Context: I noticed a friend had tied a red string tied around their wrist. As a Jew, I knew that many people who visit Israel usually come back with red strings from Jerusalem. However, my informant does not identify with any religion, so I was curious to ask how he came across one. In the piece, my informant is identified as K.G. and I am identified as D.S.
Background: The red string is a part of Jewish and Kabbalah folk traditions surrounding the idea of Ayin Hara, or the evil eye. It’s historically believed that tying the red string on your wrist will ward off bad luck or negative fate. The string is worn to protect many different things. In some instances, it’s used to protect the fertility of a woman, protection in times of war, and others use it to make a wish. Despite the circumstance, it is to be worn until it falls off naturally.
DS: “How did you get the red string? I always get those when I’m in Israel”
KG: “Honestly I ordered a bunch of these online, there’s a Rabbi from Jerusalem that sells them in L.A.”
DS: “But you’re not Jewish, what inspired you to get one of these?”
KG: “Yeah, I know, but you know it’s never about religion for me. I got it for all the evil eye stuff and all that but it has a different meaning for me. There’s a lot of bad habits I have. I feel like I talk badly about people a lot and gossip, among other things. When I look at it or feel it on my wrist it’s a little reminder for me to do better. To stop engaging in these tendencies I have that I absolutely hate and want to change. I definitely wanted it as protection especially now that I’m doing really well at work, but it’s also for myself and to remind me to be better and do better, so that I can be the best version of myself and put my bad habits behind me”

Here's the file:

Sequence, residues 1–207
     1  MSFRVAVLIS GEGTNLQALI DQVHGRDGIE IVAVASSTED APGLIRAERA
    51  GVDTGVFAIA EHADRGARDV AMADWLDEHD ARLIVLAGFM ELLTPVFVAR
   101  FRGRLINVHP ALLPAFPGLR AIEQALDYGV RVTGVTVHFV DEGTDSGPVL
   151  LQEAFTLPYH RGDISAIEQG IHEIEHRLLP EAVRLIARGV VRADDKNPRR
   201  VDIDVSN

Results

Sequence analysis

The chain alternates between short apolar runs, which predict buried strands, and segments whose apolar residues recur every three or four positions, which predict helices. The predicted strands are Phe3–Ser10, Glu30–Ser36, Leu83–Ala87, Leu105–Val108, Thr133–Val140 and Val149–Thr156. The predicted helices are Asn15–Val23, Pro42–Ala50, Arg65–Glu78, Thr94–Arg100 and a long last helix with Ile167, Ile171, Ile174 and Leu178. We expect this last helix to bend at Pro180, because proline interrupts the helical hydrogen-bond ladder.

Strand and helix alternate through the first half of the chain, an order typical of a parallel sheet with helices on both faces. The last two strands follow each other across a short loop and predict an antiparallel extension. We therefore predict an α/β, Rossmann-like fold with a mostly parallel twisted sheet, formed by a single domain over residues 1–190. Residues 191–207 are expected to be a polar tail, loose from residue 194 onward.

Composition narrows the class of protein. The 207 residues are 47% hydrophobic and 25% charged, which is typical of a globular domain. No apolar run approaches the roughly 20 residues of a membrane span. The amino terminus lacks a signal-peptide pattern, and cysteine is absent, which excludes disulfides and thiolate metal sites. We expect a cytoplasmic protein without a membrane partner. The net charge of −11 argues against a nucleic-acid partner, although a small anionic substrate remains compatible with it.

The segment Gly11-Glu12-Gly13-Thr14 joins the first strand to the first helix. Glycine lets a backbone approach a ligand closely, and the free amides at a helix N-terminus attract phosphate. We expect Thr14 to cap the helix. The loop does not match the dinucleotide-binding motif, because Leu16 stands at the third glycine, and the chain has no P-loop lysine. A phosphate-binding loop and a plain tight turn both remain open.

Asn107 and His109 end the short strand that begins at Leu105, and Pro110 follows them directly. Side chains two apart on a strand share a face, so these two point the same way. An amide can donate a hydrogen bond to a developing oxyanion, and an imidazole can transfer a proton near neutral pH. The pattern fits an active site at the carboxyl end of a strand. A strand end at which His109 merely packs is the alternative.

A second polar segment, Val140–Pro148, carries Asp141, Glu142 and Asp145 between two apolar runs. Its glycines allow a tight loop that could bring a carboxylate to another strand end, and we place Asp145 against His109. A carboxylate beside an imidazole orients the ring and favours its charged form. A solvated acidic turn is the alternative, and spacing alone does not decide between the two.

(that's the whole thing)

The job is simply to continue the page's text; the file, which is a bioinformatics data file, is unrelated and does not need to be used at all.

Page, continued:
Analysis: While the red string has an ancient and historic ritualistic tradition behind Jewish folklore, I found it very interesting that someone who has no tie to any religion was using it for his own purpose. I found it refreshing for someone to take a piece of another culture’s folklore and adapting it to make it their own, especially as an aspect for self reflection and improvement.